How we base our perception of our own depression
By Margaret Rogers
A study by the psychology department at the University of Warwick finds that our perception of our own depression tends to be based on how our friends and acquaintances feel.
The researchers found that judging our symptoms in this way leads us to make faulty judgements about our depression and anxiety symptoms which could lead to missed or wrong diagnoses.
As an example of this, the researchers suggest, people who generally find themselves surrounded by others with mental health problems may decide not to get professional help for depression or anxiety because they compare themselves with those around them and see their condition to be less severe than it really is. However, people who are generally in the company of people who rarely feel depressed or anxious may mistakenly believe that their own suffering is not normal because their symptoms seem to be worse in comparison.
The researchers conducted two separate experiments and found that an individual’s perception of their own depression or anxiety was not mostly predicted by the severity of their symptoms, but by how the individual self-ranked themselves compared to other’s symptoms.
The study found that the participants’ understanding and beliefs about depression and anxiety in the general population varied hugely. For example:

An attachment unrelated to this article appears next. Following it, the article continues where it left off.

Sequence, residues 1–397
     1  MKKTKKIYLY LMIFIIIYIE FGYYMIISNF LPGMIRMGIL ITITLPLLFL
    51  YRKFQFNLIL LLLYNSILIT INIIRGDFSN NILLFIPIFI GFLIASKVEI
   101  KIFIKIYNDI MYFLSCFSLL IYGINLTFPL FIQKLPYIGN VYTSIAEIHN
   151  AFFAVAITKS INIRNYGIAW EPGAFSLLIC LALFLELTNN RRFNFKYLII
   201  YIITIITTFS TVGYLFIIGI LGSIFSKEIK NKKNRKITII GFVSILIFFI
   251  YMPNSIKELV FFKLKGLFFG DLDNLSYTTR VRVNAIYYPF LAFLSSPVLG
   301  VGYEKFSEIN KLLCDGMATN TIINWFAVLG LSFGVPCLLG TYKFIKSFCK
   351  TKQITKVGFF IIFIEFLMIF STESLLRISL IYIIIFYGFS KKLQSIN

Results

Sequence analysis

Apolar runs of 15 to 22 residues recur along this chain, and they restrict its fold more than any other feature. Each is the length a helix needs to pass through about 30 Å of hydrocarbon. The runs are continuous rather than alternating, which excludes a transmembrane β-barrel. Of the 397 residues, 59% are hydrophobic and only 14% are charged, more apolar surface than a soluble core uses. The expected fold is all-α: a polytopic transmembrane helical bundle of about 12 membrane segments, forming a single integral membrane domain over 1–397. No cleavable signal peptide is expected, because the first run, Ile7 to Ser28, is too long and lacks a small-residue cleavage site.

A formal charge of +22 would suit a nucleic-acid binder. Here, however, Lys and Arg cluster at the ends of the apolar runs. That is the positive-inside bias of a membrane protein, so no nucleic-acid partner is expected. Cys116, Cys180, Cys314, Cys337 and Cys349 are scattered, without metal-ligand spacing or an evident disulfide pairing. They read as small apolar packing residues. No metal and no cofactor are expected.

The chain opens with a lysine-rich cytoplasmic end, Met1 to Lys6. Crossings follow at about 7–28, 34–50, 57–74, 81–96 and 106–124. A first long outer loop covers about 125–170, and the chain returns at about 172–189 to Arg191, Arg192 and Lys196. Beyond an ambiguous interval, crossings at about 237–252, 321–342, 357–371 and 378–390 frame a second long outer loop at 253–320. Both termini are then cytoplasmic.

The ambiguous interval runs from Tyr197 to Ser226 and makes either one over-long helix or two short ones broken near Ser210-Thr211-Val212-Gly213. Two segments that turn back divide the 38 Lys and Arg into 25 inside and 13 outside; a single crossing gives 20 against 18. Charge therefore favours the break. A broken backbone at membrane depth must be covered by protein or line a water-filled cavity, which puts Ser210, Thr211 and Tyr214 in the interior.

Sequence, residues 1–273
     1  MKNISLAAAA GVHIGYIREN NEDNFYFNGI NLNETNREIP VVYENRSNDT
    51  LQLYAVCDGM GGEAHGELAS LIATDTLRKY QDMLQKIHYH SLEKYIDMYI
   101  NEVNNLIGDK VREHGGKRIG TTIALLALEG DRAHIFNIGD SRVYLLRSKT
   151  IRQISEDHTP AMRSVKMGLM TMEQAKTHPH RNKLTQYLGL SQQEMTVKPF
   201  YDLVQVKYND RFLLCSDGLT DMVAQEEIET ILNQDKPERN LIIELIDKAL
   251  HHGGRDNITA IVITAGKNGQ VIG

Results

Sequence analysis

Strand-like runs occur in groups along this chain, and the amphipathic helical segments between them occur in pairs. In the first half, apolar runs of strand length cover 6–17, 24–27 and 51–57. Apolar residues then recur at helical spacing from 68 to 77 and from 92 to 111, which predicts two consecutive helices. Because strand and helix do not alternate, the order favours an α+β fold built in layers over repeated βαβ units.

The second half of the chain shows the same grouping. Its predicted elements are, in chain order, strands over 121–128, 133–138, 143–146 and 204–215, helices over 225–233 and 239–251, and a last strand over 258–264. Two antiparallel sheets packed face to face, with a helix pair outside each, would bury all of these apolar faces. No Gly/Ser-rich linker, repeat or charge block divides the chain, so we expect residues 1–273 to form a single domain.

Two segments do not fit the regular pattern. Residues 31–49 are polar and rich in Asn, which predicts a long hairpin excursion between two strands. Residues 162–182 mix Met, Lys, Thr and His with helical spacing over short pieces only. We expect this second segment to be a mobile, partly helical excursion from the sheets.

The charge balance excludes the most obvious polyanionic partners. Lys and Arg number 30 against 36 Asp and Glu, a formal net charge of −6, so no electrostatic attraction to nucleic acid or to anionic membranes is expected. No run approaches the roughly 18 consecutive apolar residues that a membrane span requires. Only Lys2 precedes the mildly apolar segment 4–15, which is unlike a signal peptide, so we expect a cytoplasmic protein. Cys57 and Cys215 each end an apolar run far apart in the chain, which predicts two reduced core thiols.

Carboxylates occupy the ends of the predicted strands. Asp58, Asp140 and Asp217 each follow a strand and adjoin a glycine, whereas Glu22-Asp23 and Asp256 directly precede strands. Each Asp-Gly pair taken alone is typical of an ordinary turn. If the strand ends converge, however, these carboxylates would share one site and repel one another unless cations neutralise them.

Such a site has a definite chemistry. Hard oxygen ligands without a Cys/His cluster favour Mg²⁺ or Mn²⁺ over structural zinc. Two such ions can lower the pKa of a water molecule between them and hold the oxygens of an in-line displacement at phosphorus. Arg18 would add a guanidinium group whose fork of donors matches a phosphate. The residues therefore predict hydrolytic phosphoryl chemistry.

- 10% thought that half of the population felt depressed on at least 15 days per month
- 10% thought that they felt this way on two days or fewer per month
- 10% thought that half of the population felt anxious on at least 26 days per month
- 10% thought that they felt this way on seven days or less per month
Lead author, Karen Melrose of the University of Warwick said ‘It is the patient that initiates most GP consultations about depression and anxiety, so that personal decision to see a doctor is a vital factor in determining a diagnosis. Given that fact, our study may explain why there are such high rates of under and over detection of depression and anxiety.’
She added ‘Worryingly, people who could be the most vulnerable to mental health disorders – for example, those from certain geographical areas of the country or demographic groups where depression and anxiety are high – could be the very ones who are at highest risk of missed diagnoses.’
Melrose feels that this research could help professionals better target information campaigns aimed at these groups of people.